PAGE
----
In Which, Armed With Documentation, We Obtain Our Library Cards

It was a very good day at The Casita (which is how I've begun to refer to our little house).

Today the Mamacita found a copy of the lease. With this lease, a utility bill with the Mamacita's name on it, and the Mamacita's picture ID, the four readers* of the family were able to obtain real, live library cards at our new hometown public library.

Do I hear a "Hallelujah!"?

The days leading up to this event have been sheer agony, particularly for a certain reader of the bunch. This particular reader has read every age-appropriate book in the house at least twice, (and probably some that aren't age appropriate but I don't want to think about that right now). This particular reader was, and I quote, MISERABLE! without any new books to read. The Mamacita tried to buy him off with a book purchased at our friendly neighborhood independent bookstore, but that only lasted one day. Then he was MISERABLE! again (I confess, the complaint of being MISERABLE! without a book is one of the few complaints I can abide, as I'm sometimes guilty of complaining about the same thing).

There was much wailing and gnashing of teeth. There were pleas and negotiations. There were mumbled concessions: fineI'lljustreadHarryPotterfortheFIFTHtimethengeez.

Reader, what can I tell you? I was trying. But did you ever try to find a copy of a lease in a casita into which you've just moved, where, in fact, many boxes are still unpacked and there are piles of stuff lots of places where stuff doesn't belong? I confess, it was almost as hard as finding Kit Kittredge, American Girl, who was at the bottom of the.very.last of boxes labeled "toys" that I looked in.

And also, since when do hometown public libraries require multiple forms of identification including one home-based utility, not a cell phone bill? Kinda makes you feel paranoid for wanting a library card. But I digress.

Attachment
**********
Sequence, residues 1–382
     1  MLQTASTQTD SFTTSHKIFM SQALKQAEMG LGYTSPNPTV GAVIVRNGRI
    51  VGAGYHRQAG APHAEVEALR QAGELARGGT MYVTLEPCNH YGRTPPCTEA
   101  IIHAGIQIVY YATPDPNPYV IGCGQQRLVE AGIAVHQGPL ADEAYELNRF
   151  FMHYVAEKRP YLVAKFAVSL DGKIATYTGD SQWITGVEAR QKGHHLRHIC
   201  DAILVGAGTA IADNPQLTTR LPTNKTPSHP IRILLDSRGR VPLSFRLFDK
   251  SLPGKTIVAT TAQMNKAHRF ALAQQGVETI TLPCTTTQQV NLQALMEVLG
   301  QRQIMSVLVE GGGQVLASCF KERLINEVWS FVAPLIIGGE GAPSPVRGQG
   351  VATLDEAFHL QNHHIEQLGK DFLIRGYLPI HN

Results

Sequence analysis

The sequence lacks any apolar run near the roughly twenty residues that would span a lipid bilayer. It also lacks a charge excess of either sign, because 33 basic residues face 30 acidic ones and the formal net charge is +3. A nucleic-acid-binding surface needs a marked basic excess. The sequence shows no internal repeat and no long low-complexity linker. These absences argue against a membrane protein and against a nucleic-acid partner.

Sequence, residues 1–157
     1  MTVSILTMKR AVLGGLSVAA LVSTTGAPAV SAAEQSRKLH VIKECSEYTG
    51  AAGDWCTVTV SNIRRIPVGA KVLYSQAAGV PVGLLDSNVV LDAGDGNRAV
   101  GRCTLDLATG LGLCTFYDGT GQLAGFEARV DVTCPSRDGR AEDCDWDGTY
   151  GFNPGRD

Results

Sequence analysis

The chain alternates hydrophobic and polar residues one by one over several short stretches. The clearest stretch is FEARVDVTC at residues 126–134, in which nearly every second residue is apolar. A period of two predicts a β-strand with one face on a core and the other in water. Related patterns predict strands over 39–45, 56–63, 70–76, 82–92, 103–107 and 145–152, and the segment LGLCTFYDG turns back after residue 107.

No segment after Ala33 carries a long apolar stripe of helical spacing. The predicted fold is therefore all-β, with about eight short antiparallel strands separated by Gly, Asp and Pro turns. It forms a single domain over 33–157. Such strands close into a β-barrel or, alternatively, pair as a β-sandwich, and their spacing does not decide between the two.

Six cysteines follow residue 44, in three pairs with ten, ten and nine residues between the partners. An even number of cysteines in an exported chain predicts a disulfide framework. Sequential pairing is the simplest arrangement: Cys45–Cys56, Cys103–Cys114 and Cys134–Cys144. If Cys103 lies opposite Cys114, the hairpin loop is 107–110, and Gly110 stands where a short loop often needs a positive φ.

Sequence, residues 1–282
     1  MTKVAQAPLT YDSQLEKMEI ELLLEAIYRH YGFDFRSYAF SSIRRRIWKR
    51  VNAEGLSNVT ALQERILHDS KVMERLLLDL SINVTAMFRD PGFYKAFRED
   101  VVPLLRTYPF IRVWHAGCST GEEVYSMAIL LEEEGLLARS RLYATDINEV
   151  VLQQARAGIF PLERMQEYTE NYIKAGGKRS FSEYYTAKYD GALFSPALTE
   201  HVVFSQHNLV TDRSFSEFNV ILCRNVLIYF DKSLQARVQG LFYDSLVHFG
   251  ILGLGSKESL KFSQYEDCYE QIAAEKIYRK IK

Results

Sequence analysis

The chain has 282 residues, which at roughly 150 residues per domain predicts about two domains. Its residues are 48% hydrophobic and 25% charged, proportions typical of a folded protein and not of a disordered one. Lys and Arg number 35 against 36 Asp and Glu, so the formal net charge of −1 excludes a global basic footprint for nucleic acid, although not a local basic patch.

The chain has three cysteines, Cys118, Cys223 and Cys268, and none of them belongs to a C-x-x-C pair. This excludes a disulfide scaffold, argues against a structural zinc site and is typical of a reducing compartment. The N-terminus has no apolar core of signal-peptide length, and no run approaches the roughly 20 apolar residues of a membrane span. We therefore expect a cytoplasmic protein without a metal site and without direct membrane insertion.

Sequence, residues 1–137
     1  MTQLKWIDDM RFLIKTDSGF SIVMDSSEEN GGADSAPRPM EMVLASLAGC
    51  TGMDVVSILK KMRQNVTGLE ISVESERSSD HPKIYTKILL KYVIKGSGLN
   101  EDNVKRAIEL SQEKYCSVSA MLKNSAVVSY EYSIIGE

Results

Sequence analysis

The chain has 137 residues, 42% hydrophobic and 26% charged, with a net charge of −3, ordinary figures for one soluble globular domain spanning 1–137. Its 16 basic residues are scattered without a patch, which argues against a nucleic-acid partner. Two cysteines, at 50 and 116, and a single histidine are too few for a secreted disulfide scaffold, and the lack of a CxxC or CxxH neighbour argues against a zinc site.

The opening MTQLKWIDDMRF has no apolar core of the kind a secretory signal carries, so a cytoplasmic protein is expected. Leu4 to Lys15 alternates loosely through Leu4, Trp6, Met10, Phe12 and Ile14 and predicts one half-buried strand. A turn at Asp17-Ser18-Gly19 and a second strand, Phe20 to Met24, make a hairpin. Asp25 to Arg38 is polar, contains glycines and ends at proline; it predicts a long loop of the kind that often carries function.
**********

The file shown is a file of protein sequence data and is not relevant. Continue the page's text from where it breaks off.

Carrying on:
I found the lease, girded my loins, and took the kids downtown. The hometown public library is beautiful, full of friendly staff, and houses an impressive collection from what I've seen so far. Which, of course, is the Children's and Middle Readers collection. And, after the last several days, it seems quite fitting that one of the streets bordering the library is Mercy Street. Mercifully, the MISERABLE reader, and the other two readers (one came home with the library's entire Kit Kittredge collection), and the mamacita have spent much of today lost in the pages of a book. Bliss.

And speaking of how important and completely wonderful hometown public libraries are, take a look at this beautiful sketchbook a San Francisco artist made about her hometown public library. I think you'll find that her art and her sentiments are right on.

Which reminds me... there is one hometown public library that I've been missing lately. It involves an island house, a glassed in porch, and a view of the bay. But that's another story for another day...

Now, I'm off to read.

*As the three youngest readers made clear to library staff, Husband is not so much a reader. Don't ask me how I ended up marrying a non-reader. He's wonderful in many ways and we were in love. Still are.


Sandy Longhorn said...


Love the note about the hubby. Love conquers all. :)

drew said...

Children whining for books? You've raised those kids well!

Ms. WK said...

Well done, friend.
I am not sure how many times I will shake my head and sigh (in Janice form...) "California" while I read this blog, but I will try to be open-minded. I just got my library card for Kent Co... only needed a license. :-(